Fairly regularly, a commenter on this site will chastise me and most of my visitors for being frugal, saying that hoarding all of your money is bad for the economy because we’re not spending it and keeping the money flowing. On the surface, this makes some sense – I’m holding onto money that I’m not spending at retailers so the retailers are doing worse business – but in the larger scale, a frugal person who is careful with their money is actually a boon for the economy. Let’s look at the reasons why.
First of all, a savings account is basically a loan to the bank. Instead of giving retailers money, you’re giving the bank money. In both cases, you get something back, but in that transaction, both businesses make money. If you give your money to a retailer for a product, they get to keep the markup. If you give your money to a bank, they use it to loan money to other people. So, if you put money in a savings account, you’re largely assisting the banking industry instead of the retail industry – you’re still helping the economy, just a different piece of it.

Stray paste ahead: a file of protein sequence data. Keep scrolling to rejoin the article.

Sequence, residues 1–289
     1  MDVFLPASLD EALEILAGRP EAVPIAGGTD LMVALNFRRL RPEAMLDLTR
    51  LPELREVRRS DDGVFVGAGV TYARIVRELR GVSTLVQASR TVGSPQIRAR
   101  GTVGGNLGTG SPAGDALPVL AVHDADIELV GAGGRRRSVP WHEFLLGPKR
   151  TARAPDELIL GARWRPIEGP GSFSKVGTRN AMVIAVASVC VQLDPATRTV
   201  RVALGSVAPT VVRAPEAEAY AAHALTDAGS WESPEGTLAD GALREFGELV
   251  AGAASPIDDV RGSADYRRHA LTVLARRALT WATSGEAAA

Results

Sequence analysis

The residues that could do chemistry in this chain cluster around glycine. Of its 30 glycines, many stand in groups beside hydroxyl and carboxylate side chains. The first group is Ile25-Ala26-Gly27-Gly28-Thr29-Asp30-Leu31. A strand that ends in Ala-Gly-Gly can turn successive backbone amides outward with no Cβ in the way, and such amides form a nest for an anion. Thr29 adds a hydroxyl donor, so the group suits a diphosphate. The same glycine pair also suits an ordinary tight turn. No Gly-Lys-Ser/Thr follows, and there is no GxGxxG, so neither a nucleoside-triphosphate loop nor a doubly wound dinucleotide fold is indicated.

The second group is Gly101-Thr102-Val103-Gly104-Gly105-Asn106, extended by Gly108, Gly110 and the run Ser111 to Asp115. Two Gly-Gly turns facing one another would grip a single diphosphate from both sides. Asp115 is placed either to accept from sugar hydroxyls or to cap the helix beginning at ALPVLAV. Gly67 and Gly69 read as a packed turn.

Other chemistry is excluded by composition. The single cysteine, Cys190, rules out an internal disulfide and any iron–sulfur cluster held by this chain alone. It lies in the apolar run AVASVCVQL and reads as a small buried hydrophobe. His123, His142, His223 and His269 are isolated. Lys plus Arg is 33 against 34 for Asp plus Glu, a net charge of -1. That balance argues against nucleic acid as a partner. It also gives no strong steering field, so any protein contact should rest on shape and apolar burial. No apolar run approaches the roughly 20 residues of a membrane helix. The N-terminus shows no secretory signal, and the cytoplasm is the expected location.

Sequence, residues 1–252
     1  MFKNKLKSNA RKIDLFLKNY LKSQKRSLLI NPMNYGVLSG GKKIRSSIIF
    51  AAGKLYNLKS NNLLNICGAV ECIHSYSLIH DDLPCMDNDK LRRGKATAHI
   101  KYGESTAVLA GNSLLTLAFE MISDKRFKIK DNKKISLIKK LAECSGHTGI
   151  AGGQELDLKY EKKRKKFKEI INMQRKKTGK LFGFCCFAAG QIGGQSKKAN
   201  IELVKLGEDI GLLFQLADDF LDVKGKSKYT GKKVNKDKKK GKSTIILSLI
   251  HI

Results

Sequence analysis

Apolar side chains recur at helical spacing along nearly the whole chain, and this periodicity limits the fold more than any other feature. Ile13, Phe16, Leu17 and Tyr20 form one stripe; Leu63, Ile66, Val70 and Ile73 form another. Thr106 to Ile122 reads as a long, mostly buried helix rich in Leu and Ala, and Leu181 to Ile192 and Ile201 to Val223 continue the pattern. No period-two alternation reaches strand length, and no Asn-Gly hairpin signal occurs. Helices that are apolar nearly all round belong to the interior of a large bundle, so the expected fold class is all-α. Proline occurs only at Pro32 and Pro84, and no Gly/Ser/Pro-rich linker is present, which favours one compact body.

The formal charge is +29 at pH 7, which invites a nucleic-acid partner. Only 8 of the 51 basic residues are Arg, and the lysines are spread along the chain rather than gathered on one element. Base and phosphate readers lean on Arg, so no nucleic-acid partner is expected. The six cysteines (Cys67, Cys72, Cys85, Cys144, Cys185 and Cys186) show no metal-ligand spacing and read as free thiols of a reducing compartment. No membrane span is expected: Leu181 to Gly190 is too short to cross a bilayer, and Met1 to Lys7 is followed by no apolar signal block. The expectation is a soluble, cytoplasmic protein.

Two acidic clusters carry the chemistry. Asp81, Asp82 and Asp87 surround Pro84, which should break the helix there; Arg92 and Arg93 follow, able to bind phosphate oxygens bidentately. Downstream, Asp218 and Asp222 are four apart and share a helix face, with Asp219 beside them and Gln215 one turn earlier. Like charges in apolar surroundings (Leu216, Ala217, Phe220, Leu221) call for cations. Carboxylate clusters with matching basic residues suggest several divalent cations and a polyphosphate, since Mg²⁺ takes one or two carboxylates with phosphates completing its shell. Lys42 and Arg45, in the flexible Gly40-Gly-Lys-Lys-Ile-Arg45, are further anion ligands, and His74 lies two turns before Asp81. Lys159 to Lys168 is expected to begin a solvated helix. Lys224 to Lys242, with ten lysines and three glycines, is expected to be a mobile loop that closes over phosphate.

Continuing that train of thought, investing in a stock assists that company in doing business. A stock is issued by a company to help it raise money and grow in various ways. If you buy that stock, you’re helping the company by helping that stock maintain its value (which, in turn, represents the company’s value).
Let’s keep going:
If you buy a treasury note, you help out the federal government by lending them money for a while that they can use for various reasons.
If you start a new business with your saved money, you’re definitely boosting the local economy.
If you save ahead for a big purchase, you’re making that purchase faster than if you used credit to pay for it, which means that you have money to save or invest in other places.
If you reuse a product several times before throwing it away, you’re taking money you might have blown on replacement products at retailers and instead saving it at the bank.
What about economic cycles? Such cycles are caused by large-scale corporate behavior, not by individual choices. Companies always have ups and downs, and many of those ups and downs are tied together. For example, if 10,000 people decided to save up for a car instead of buying it on credit, it wouldn’t make much of a difference in the economy at all (some sectors would be up and others would be down, but the cash would still be out there), but if oil prices go up, that causes a domino effect in a bunch of different industries.
In short, the idea that not spending money is damaging to the economy is rather foolish. All you’re really doing by saving money and investing is moving money from one part of the economy to another part, not removing it all together.
Unless, of course, you’re going to bury it all in jars in the back yard, but that’s foolish in its own way.